Student loans – statistics for repayment periods?
Things have certainly changed since my day. I think my final year was the first year of student loans and if I recall it was something like £550 for the year (reduced for your final year) which was paid back over 5 years at £14 a month or something silly. I didn’t earn over the threshold (one of the few in my year to get a graduate job in the last recession, or come to think of it any job unlike the current downturn) but started paying it back anyway Back then £400 overdraft was about the maximum you could get too.Posted 4 years ago
Disagree strongly mrmojo.
I couldnt get the job im in now without s degree . I could scrape by doing it without one although i do a fair bit of design work as well as field work – but the next step up the ladder requires one no ifs no buts
Ad i like to think im doing alright for my self from it.Posted 4 years agoveedubbaSubscriber
Would still make more financial sense to keep the lowest interest loan, which is usually the student loan, til last Trail Rat. But if you’re tax free or off shore in Africa (or even just getting a decent day rate I guess) I’d imagine that your takehome allows you to overpay on a lot of debt*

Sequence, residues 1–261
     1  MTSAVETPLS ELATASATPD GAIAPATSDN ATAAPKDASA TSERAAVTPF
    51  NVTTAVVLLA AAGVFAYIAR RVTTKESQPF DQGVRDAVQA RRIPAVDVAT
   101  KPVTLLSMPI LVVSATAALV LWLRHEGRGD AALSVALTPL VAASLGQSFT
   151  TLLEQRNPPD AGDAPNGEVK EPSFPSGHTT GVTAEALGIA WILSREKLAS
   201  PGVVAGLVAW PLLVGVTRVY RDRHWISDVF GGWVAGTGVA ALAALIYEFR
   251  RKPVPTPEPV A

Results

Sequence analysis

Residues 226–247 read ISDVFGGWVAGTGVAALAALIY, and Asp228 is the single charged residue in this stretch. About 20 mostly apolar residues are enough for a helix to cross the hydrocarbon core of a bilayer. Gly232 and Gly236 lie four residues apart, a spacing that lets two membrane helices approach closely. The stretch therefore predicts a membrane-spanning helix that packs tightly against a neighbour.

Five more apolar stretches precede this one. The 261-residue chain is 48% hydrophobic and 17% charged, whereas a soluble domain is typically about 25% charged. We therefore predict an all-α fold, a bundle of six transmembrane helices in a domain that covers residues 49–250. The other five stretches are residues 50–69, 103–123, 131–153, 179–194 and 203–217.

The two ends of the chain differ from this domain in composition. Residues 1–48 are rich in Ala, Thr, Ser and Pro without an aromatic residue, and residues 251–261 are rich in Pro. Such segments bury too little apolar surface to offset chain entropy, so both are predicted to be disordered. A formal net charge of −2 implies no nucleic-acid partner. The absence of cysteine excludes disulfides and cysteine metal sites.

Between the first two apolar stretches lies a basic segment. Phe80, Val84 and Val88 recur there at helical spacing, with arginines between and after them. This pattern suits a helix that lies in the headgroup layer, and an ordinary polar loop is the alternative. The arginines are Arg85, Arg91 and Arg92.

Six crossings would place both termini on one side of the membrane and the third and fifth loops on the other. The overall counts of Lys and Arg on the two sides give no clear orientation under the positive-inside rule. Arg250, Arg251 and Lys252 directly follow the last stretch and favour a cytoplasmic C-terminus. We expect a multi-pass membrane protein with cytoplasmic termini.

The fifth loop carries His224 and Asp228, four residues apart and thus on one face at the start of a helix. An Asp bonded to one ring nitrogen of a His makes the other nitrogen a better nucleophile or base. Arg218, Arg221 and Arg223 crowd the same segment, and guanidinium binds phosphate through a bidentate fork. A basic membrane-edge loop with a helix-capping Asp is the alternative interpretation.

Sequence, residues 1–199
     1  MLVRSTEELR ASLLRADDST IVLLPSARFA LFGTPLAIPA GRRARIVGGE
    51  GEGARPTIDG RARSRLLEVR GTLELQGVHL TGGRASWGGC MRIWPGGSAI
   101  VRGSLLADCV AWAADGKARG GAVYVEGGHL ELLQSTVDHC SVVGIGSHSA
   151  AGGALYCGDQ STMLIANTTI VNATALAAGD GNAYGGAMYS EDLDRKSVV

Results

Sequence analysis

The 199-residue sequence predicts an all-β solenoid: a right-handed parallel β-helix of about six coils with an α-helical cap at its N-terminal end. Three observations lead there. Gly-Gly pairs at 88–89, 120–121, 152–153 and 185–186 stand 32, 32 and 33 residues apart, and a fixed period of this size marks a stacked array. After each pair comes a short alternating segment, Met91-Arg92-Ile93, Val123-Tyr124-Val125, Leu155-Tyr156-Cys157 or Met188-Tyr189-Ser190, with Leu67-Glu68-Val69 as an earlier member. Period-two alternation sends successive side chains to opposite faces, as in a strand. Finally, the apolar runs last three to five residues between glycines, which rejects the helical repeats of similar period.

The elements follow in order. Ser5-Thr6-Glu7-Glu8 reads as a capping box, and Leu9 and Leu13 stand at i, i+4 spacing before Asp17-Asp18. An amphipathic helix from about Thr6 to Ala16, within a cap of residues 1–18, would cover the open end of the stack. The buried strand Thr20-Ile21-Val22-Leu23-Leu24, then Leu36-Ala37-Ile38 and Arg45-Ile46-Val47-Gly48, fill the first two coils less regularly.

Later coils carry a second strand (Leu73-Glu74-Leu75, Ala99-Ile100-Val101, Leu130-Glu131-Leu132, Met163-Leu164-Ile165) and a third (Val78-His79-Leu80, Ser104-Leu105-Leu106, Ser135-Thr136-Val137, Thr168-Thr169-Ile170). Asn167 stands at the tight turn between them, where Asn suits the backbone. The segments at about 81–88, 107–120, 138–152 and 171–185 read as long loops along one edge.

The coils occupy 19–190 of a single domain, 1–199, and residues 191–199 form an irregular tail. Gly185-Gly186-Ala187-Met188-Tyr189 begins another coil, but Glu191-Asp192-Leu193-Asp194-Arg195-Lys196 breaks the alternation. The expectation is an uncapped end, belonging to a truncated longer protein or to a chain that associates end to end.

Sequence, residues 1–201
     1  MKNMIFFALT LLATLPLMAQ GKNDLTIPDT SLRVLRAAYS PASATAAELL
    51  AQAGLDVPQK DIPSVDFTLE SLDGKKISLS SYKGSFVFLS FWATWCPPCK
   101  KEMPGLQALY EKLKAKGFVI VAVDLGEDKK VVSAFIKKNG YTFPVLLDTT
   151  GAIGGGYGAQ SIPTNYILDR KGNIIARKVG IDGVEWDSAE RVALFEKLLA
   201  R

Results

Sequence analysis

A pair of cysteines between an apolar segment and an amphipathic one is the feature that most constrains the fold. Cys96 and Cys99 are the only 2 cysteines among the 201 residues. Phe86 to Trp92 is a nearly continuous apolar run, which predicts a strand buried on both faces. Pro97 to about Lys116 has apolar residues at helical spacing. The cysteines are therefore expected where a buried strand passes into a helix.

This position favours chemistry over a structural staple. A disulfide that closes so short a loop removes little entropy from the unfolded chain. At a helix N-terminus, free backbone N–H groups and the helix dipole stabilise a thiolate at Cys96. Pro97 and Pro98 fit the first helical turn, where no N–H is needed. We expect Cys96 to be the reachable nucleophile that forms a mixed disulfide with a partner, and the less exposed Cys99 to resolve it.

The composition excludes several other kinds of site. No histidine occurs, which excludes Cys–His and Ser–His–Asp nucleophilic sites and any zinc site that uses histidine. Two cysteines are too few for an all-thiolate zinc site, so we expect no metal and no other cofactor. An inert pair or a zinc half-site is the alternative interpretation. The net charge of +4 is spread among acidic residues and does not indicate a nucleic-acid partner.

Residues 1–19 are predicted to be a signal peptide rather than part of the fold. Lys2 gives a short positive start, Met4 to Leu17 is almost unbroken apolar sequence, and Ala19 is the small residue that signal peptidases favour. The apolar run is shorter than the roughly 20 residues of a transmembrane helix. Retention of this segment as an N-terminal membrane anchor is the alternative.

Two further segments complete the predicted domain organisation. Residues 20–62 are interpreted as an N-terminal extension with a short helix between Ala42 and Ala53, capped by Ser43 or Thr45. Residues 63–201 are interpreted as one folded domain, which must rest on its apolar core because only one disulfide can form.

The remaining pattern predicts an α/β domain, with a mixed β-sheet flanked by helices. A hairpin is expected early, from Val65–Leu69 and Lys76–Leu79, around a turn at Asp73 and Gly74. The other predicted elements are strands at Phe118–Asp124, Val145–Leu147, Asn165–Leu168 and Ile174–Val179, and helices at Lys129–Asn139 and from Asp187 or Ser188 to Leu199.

*Assuming you have a mortgage and other debts of course.
I suppose what I’m saying is that it not only depends on how much and when the student loan was taken out, but also on earnings (as mentioned before) and personal circumstances (dependents etc).
FWIW I have an engineering degree as well, and IMO the quality of teaching at good universities offering good degrees hasn’t diminished, so I’d dispute Daveky’s comments, but I would say that employers now have to sift through a lot more garbage to find the worthwhile degrees now.Posted 4 years ago
Veedubba – you have no choice in your repayments .
They take x% of my wage be it a basic momth or a month ive been away . Some of the deductions the took would make you cry – if i had my way id have stuck it into my mortgage every time
Sodding typical i thought they were never going to start. Taking it – i started paying last year( without notice the same month i bought a house – was a bit of a shock 🙁 ) after graduating in 2008. Went off the radar cycling round nz then moving house 3 times quickly – got a job and worked 3 years without paying – so me paying it off in a year isnt strictly on a newly graduated wage.Posted 4 years agonjee20Subscriber
A degree isn’t essential for the job I do, but I’d not have got where I am without one, although its actually totally unrelated (Transport Planning degree, work in insurance), so totally worth it for me. I think of the loan as more of a tax, be bloody glad when I’ve paid it off, but I’ve always had it deducted, so just one of those things.Posted 4 years ago
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